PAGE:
• Reply 3 of 56

    Quote:

    Originally Posted by SolipsismX View Post



    I would understand if this was the original antitrust issue with Netscape but I think it's foolish to require to sell an OS with the options built in. Especially 12 different options which I find ridiculous. If you really want to use a different browser you can use IE to download it just as you can use Safari on OS X to do the same, or various Linux distros that only came with one browser pre-installed.



    This appears to be using MS to set an example. I don't care for this tactic in the courts. Each case should be fair and balanced for that case, not trying to prevent others from breaking the "law" by being extra harsh to one defendant.


    I tend to agree with your last paragraph.


     


    I think Microsoft is going to face this issue for the foreseeable future as Windows still dominates the desktop. At some point they may be able to argue that tablets are also part of the greater "PC" space and thus they don't have a monopoly, but until then, they'll have to offer up choices of browser (which is what they got in trouble for before, bundling IE and therefore monopolizing the desktop browser space due to their desktop monopoly).

  • Reply 4 of 56


    The EU likes to hand down big fines. Just wait until Samsung has to pay up for their abuse of FRAND patents against Apple. I think the MS fines (and Samsungs previous fines) are going to look like a good deal compared to what's coming.

  • Reply 5 of 56
    anantksundaramanantksundaram Posts: 18,871member

    Quote:

    Originally Posted by SolipsismX View Post



    This appears to be using MS to set an example. I don't care for this tactic in the courts. Each case should be fair and balanced for that case, not trying to prevent others from breaking the "law" by being extra harsh to one defendant.


    Couldn't agree more.


     


    In the meantime, it is laughable to see how easily Google is able to run roughshod over these eurocrats....

  • Reply 6 of 56
    charlitunacharlituna Posts: 7,198member

    Quote:

    Originally Posted by SolipsismX View Post



    I would understand if this was the original antitrust issue with Netscape but I think it's foolish to require to sell an OS with the options built in.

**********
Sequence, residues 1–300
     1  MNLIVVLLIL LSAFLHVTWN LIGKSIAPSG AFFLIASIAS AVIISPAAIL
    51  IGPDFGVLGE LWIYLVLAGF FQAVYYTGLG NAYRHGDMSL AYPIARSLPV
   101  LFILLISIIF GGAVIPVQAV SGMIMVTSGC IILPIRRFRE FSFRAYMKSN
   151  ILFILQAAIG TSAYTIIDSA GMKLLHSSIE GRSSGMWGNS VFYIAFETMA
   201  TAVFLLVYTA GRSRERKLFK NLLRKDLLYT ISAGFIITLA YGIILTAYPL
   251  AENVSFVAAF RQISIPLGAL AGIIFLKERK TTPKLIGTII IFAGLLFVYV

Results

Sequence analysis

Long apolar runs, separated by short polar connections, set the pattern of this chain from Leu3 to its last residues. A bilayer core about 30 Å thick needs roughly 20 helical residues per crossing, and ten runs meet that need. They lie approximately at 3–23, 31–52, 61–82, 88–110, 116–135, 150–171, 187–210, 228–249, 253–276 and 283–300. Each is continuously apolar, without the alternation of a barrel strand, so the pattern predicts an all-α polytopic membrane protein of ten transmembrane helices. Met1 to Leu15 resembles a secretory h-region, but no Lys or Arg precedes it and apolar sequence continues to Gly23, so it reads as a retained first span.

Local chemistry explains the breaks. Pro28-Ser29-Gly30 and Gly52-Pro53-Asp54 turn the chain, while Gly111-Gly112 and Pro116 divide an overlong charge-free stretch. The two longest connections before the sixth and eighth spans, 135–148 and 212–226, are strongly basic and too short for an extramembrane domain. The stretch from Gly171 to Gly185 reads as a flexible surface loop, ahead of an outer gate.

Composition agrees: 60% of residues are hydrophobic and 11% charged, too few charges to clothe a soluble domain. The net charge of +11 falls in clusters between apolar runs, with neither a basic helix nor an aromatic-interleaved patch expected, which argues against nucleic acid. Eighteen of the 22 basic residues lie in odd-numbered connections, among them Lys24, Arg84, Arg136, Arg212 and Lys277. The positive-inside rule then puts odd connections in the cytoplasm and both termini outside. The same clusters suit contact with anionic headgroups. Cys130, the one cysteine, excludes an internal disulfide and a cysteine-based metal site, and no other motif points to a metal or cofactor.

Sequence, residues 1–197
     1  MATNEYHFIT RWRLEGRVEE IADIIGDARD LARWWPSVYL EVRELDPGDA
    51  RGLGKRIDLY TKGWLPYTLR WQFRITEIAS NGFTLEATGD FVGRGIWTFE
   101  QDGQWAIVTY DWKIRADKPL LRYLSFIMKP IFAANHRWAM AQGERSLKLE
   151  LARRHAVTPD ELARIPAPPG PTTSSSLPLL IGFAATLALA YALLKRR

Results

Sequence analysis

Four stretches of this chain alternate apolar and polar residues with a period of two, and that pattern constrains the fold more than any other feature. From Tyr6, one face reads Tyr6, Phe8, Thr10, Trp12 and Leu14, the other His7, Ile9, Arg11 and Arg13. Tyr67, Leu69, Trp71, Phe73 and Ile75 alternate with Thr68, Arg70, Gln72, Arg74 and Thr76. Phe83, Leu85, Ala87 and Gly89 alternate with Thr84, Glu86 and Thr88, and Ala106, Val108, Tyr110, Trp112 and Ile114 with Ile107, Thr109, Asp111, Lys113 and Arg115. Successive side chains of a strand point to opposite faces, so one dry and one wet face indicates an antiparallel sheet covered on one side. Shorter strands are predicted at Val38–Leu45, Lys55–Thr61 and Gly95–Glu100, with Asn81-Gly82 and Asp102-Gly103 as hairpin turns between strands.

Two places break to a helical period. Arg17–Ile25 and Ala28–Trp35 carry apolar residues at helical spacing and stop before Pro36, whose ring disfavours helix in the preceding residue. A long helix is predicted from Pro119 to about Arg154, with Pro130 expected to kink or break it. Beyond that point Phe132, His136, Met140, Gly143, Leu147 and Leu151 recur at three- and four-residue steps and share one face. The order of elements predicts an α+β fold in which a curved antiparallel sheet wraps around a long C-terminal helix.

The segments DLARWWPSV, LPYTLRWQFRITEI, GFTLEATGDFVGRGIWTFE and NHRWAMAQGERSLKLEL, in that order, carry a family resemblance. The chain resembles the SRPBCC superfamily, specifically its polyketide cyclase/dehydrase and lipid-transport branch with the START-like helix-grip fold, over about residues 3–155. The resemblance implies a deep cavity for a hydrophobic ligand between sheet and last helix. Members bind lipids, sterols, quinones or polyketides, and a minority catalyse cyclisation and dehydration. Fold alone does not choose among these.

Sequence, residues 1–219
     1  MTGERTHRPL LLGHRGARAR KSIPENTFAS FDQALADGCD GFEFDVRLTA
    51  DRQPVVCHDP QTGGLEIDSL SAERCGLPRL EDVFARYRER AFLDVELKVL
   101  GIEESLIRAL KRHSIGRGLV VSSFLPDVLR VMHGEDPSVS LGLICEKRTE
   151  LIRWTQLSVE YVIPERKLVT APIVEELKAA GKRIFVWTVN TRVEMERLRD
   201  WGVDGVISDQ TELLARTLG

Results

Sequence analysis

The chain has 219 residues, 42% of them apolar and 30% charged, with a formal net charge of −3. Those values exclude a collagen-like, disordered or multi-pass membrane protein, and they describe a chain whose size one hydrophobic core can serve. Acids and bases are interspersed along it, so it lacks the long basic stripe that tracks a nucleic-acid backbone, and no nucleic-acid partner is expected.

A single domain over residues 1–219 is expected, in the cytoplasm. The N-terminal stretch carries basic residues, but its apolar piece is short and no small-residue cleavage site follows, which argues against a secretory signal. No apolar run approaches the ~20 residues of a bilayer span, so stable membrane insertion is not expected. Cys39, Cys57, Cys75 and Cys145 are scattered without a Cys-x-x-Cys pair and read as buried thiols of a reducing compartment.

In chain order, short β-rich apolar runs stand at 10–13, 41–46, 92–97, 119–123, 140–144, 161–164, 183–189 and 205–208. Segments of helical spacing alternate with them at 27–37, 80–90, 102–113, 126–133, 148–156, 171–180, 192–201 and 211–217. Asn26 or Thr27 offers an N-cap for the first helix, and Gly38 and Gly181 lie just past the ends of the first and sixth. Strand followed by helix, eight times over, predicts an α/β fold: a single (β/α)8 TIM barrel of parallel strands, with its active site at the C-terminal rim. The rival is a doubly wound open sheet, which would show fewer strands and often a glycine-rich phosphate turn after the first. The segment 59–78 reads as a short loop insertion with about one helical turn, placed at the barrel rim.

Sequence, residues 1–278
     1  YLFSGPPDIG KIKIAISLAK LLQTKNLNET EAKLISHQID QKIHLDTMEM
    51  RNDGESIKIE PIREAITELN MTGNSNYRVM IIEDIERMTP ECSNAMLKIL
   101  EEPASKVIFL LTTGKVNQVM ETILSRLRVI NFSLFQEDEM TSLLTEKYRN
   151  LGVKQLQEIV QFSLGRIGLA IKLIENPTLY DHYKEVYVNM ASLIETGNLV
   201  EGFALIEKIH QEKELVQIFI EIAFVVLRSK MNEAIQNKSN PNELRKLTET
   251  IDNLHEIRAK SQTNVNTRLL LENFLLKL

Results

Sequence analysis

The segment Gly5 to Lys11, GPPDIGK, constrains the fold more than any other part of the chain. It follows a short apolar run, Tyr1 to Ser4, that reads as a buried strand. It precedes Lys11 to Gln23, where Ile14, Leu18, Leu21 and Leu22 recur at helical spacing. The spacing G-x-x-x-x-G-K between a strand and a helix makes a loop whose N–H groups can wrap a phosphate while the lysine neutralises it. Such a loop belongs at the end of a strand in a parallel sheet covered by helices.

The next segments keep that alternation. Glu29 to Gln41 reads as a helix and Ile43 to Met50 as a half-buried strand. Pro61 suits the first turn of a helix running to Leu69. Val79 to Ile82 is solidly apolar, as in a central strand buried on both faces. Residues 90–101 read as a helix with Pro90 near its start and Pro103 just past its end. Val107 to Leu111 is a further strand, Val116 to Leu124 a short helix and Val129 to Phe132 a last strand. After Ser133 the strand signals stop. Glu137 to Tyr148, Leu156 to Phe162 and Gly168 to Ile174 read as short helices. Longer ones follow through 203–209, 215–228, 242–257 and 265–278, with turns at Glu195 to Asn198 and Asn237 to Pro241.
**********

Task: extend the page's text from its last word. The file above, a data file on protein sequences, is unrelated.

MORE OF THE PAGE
1. They aren't selling with all the choices built in. The settlement was that no full on browser, including their own, would be built in and there will be a screen in the initial start up, or on the desktop, to a lite browser whose purpose was to allow folks to pick and download the browser they want to use.


     


    2. MS marketshare may have come down but they are still the dominant so they are, in the EUs judgement, still in a position to abuse their standing


     


    3. They violated the settlement. This is the price. Just like the guy who goes to jail for drug dealing, got out on parole and is told he can't talk to his old drug dealing buddies but does. He gets caught, he goes back to jail. 

  • Reply 7 of 56
    clemynxclemynx Posts: 1,509member

    Quote:

    Originally Posted by SolipsismX View Post



    I would understand if this was the original antitrust issue with Netscape but I think it's foolish to require to sell an OS with the options built in. Especially 12 different options which I find ridiculous. If you really want to use a different browser you can use IE to download it just as you can use Safari on OS X to do the same, or various Linux distros that only came with one browser pre-installed.



    This appears to be using MS to set an example. I don't care for this tactic in the courts. Each case should be fair and balanced for that case, not trying to prevent others from breaking the "law" by being extra harsh to one defendant.


     


    I agree, it seems a bit too much. But if I remember correctly, the EU gave them several warning, and they had the chance to respect the law. They obviously didn't.


    I thought this story had ended long ago.